International

null
Associated Press
Samak Sundaravej

Ousted Thai PM Samak Nominated to Lead Again

September 11, 2008 01:25 PM
by findingDulcinea Staff
Samak Sundaravej, forced out of office two days ago by a court ruling, has accepted the nomination of his political party to replace himself as the new prime minister.

Will Samak Make a Comeback?

facebook
I am accepting the nomination in order to protect democracy in the country,” Samak said, according to the BBC.

Samak’s party, the People’s Power Party (PPP) says that the constitution does not prevent re-nominating the 73-year-old former prime minister, but the move is likely to face severe criticism from the party’s coalition partners.

The Thai army released a statement after the announcement calling for the deeply divided government to compromise and to remove the state of emergency that Samak imposed on Bangkok 10 days ago, when he was still prime minister.

The People’s Alliance for Democracy, whose members have been holding street demonstrations for months to throw Samak out of office, expressed their opposition to the nomination. “Our stand remains the same, we will not accept Samak or anyone proposed from the PPP, because the party lacks legitimacy,” siad protest leader Sondhi Limthongkul to Agence France-Presse. “They violated the constitution and lack morals.”

Thailand’s Constitution Court ruled unanimously Tuesday that Prime Minister Samak Sundaravej violated a law against working for private companies while prime minister by hosting two cooking TV shows.

The ruling required him to leave office immediately, but allowed for him to be re-elected into office by parliament. Samak says that the charges are politically motivated and has denied any wrongdoing.

Background: Cooking Shows Land Samak in Hot Water

Samak had hosted the shows “Touring at 6 a.m.” and “Tasting and Grumbling,” which featured the prime minister cooking up traditional Thai dishes such as Tom Kha Salmon, with a side of political rants on various topics.

Samak’s seven-month rule was marked by months of street protests by members of the People’s Alliance for Democracy (PAD). Despite the ruling, the demonstrators have vowed to continue to occupy the prime minister’s compound. “We will stay here until this government is thrown out,” said PAD leader Prapan Kunmee, according to Reuters.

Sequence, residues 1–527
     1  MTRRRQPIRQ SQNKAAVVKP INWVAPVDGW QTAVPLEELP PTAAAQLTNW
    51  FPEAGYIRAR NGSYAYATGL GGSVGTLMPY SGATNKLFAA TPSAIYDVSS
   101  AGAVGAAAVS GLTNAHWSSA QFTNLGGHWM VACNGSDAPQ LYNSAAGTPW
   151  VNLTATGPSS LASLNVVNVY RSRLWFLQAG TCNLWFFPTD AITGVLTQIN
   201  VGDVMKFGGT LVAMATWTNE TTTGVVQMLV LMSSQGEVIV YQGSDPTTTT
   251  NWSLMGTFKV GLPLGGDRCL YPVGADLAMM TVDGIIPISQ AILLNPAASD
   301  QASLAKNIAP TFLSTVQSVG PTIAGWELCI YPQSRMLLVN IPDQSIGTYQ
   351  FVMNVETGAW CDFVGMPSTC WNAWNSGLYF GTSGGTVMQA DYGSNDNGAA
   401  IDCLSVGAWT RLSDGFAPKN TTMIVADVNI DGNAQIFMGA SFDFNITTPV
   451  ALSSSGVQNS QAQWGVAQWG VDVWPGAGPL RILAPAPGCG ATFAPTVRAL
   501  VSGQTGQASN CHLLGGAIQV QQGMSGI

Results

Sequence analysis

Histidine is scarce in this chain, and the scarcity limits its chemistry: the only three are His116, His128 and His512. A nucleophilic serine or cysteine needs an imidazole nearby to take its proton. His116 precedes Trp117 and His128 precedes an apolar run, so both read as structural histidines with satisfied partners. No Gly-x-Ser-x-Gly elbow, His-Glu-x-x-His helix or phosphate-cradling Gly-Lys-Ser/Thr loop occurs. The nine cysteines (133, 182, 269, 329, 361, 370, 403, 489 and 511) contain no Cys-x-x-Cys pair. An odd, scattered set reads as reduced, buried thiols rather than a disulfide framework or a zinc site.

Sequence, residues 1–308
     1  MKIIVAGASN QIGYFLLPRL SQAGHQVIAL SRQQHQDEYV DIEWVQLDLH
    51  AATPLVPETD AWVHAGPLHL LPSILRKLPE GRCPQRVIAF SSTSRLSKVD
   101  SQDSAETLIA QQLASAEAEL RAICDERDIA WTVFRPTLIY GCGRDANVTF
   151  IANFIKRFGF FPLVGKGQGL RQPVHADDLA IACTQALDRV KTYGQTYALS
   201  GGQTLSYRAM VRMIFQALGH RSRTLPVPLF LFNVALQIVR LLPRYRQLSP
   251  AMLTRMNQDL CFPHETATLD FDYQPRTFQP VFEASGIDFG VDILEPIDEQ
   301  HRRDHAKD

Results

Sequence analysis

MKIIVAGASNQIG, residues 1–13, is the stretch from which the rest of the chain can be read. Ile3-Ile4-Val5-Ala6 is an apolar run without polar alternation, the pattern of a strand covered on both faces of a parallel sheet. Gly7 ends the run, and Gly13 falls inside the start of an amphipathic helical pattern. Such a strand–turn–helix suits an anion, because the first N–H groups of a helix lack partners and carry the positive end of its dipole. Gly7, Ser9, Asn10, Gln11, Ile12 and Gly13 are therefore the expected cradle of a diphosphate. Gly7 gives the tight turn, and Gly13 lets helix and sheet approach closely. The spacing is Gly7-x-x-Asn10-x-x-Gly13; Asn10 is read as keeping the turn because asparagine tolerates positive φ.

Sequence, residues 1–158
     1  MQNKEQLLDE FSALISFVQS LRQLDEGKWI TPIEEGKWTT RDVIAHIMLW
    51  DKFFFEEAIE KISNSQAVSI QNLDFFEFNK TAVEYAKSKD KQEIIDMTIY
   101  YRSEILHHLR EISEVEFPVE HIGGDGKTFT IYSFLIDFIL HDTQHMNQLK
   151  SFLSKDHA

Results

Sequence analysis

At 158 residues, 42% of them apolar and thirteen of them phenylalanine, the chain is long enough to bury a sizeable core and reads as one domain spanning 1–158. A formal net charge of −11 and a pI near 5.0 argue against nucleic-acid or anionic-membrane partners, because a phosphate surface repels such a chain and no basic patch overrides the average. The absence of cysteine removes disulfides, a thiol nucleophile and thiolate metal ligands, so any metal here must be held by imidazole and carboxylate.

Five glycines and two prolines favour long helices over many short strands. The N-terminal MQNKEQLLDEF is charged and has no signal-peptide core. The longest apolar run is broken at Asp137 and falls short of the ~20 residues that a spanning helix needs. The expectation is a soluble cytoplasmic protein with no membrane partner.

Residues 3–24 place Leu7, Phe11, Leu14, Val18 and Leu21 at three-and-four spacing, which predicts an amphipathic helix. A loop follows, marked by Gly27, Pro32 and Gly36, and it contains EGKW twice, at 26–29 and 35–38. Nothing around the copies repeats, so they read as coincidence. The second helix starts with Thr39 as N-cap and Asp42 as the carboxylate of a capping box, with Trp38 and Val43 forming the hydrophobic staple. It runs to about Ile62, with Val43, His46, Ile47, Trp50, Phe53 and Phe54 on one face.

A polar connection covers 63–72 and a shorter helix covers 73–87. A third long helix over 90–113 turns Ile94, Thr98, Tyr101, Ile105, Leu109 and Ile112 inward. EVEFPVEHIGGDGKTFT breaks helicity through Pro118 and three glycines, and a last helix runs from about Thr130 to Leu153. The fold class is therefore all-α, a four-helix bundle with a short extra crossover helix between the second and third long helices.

He refused last week to negotiate with demonstrators, but proposed holding a public referendum to determine if he should stay or go.

In a special radio address broadcast last Thursday, Samak said that he would protect democracy against those who wish to bring “anarchy” to Thailand. “I am not resigning, I will not dissolve parliament. I have to stay in order to preserve democracy and to protect the monarchy,” he said.

Nonetheless, Samak said the following day that he was considering ending the emergency rule that he imposed on the country Sept. 2 in response to violent clashes between government supporters and protesters seeking to oust Samak from office. “Yes, I am thinking about that,” he said, according to Forbes.

Protest leaders said that they would not abandon their three-month-old bid to get rid of Samak. The Associated Press reported that the Government House had “turned into a cross between a refugee camp and a village fairground,” with thousands of protesters enjoying amenities such as free food and massages.

Key Player: Samak Sundaravej

Sundaravej grew up in an aristocratic family and graduated from Thammasat University with a degree in law. Before becoming prime minister, he served in the interior ministry, was one of former prime minister Thaksin Shinawatra’s deputy prime ministers and was governor of Bangkok for four years. His rule, which began in January 2008, has been marked by protests, a poor economy and rising inflation. He has also come under criticism for his close ties with and support of ousted former leader Shinawatra. Samak’s People Power Party (PPP) was formed from the remnants of Thaksin’s Thak Rak Thai party.

Related Topic: ‘Former Thai Prime Minister Flees Corruption Charges’

facebook

Most Recent Beyond The Headlines